LGBTQI trailblazers Marsha P. Johnson and Sylvia Rivera will be receiving a monument near New York's Stonewall Inn, where patrons rioted against police in June 1969 for civil rights, the city of New York announced Thursday.
“Both Marsha and Sylvia were a significant part of the Stonewall era, when the queer community came out of the shadows and became way more visible and vocal," NewNowNext.com columnist Michael Musto told InsideEdition.com of the decision to erect the monument. "The sculpture in their honor is long deserved and a great testament to their uniqueness and accomplishments."
Activist Victoria Cruz echoed his remarks.
“It is about time! It makes me feel really good that these people are being honored for the grassroots effort in gay liberation," she said. "It is about time our community is acknowledging them."
“I am very pleased that these two women are going to be honored in this way,” New York's first openly gay senator Tom Duane told InsideEdtion.com. “They basically gave their lives to this community and were special in so many ways.”
The statues will be part of the city’s #SheBuilt initiative, honoring women who have made an impact in the history of New York.
“We need more women statues around New York City,” Duane added.
The news was announced by New York City Mayor Bill de Blasio.
“When trans young people trying to find their place in the world come to the Village, they’ll look up at a monument to Marsha P. Johnson and Sylvia Rivera," de Blasio wrote. "They’ll see themselves, and their own potential to make history.”
“The monument honoring LGBTQI pioneers Sylvia Rivera and Marsha P. Johnson at #Stonewall will be one of the world's first featuring the achievements of transgender people, & will forever tell New Yorkers that #Trans people are proud, visible, & unstoppable,” the New York City Human Rights Commission posted on Twitter.
City leaders said they hope to have the monument ready by 2021. The news comes just before Pride Month kicks off around the world.
Both Rivera and Johnson were at Stonewall during the riots. Johnson is said to have thrown “the shot glass heard around the world,” igniting the riots, according to historian David Carter, author of the book, “Stonewall.”
Johnson and Rivera were sisters in activism in the LGBTQ community of the 1960s and through their deaths. Together they founded Street Transvestite Action Revolutionaries, or STAR, which was based out of Greenwich Village, to help young gay and transgender people in the city find shelter, food and a community.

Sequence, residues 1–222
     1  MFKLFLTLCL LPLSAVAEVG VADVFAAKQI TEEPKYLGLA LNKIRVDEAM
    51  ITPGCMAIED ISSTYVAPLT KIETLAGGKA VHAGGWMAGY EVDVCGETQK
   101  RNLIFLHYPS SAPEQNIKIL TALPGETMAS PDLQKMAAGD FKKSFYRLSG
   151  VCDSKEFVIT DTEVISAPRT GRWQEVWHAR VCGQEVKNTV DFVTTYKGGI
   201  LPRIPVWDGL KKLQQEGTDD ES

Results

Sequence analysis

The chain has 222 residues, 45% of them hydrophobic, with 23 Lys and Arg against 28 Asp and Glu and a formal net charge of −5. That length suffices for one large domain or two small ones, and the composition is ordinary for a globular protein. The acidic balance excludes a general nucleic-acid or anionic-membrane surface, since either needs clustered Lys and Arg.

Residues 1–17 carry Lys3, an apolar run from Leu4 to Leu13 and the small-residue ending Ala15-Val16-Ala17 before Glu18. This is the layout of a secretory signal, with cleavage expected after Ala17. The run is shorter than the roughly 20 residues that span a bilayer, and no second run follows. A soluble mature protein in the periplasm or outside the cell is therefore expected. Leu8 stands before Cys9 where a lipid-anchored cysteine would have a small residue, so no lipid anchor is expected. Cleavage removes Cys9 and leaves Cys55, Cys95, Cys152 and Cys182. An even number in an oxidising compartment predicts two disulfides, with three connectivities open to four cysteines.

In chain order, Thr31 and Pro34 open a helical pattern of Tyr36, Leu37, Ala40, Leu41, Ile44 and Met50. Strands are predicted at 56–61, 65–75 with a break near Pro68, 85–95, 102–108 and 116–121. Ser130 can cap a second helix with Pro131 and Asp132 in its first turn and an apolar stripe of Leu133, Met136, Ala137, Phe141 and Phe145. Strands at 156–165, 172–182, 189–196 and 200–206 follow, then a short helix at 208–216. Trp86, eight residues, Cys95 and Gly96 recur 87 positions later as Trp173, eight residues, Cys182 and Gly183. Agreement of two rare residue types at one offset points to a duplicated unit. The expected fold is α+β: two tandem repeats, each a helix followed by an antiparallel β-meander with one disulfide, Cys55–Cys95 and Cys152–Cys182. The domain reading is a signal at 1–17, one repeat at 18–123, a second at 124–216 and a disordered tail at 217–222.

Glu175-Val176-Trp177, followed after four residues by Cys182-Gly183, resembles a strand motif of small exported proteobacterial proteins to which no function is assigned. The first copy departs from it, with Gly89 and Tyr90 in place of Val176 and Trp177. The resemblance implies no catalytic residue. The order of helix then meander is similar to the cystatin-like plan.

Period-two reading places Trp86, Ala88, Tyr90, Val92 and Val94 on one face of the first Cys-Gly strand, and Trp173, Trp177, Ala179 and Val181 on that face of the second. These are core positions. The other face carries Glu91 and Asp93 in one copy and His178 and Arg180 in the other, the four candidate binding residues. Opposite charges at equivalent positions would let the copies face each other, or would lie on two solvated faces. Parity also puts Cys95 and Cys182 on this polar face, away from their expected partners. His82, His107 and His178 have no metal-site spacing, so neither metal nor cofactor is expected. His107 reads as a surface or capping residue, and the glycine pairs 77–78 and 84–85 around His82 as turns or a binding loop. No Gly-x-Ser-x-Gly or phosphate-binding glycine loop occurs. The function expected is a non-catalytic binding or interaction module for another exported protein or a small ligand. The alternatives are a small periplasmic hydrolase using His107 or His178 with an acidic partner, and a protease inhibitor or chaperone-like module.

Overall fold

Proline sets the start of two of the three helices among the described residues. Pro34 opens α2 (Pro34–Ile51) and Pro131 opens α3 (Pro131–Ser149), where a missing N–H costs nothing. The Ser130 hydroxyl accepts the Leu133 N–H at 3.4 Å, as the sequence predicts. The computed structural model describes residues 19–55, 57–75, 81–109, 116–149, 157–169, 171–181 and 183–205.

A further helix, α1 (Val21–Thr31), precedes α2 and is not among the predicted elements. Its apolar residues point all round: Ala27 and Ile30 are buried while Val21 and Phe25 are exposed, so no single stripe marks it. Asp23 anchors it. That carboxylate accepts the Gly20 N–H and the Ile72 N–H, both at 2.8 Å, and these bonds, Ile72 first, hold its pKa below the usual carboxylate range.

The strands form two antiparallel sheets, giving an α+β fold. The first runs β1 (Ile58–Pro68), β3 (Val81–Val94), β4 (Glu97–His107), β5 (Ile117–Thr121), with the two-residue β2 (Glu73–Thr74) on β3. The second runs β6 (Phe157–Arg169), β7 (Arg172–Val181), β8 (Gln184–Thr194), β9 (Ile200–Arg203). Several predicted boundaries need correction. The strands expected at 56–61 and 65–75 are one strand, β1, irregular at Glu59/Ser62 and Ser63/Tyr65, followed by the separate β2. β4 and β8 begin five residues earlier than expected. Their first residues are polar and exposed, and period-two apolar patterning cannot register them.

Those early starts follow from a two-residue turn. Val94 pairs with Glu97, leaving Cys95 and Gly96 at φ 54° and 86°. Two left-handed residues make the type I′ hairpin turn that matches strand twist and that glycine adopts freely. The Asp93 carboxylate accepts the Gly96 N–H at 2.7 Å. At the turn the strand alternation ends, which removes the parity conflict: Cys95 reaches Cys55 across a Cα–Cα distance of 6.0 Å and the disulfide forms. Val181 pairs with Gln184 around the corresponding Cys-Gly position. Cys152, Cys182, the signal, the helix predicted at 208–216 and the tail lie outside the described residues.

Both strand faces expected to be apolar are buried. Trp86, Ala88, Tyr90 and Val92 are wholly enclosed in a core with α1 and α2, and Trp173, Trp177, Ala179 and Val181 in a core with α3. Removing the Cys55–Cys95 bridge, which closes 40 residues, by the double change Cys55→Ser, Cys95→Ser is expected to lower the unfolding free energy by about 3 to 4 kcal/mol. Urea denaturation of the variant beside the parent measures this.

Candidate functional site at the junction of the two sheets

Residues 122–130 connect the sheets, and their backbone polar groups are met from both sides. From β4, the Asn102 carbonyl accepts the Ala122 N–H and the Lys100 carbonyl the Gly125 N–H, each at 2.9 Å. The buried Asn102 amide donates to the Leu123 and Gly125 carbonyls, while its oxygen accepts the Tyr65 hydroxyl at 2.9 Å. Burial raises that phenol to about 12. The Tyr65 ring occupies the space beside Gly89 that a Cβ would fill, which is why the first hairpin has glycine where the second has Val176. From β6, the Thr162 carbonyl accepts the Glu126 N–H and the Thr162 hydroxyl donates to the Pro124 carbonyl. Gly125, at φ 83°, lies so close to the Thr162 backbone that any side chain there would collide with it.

On July 6, 1992, Johnson’s body was found floating in the Hudson River near the Christopher Street Pier. Cops immediately ruled her cause of death to be suicide, but friends, family and fellow LGBTQ activists believed that was not the case. Through the relentless work of activists and local politicians, her cause of death was later changed to “undetermined” by the NYPD.
In 2012, the NYPD reopened the case after more public outcry to get justice and closure into what really happened. The case was closed a year later but what happened remains undetermined.
Rivera died in February 2002 from liver cancer. She was 50 years old. In 2005, the corner of Hudson and Christopher Streets was renamed “Sylvia Rivera Way.”
A photo of Johnson and Rivera now hangs in the back room of the Stonewall Inn as a tribute to the two.
In 2016, President Obama declared the Stonewall Inn a National and Historic Landmark.
“I’m designating the Stonewall National Monument as the newest addition to America’s National Park System. Stonewall will be our first national monument to tell the story of the struggle for LGBT rights. I believe our national parks should reflect the full story of our country, the richness and diversity and uniquely American spirit that has always defined us. That we are stronger together. That out of many, we are one,” he said at the time.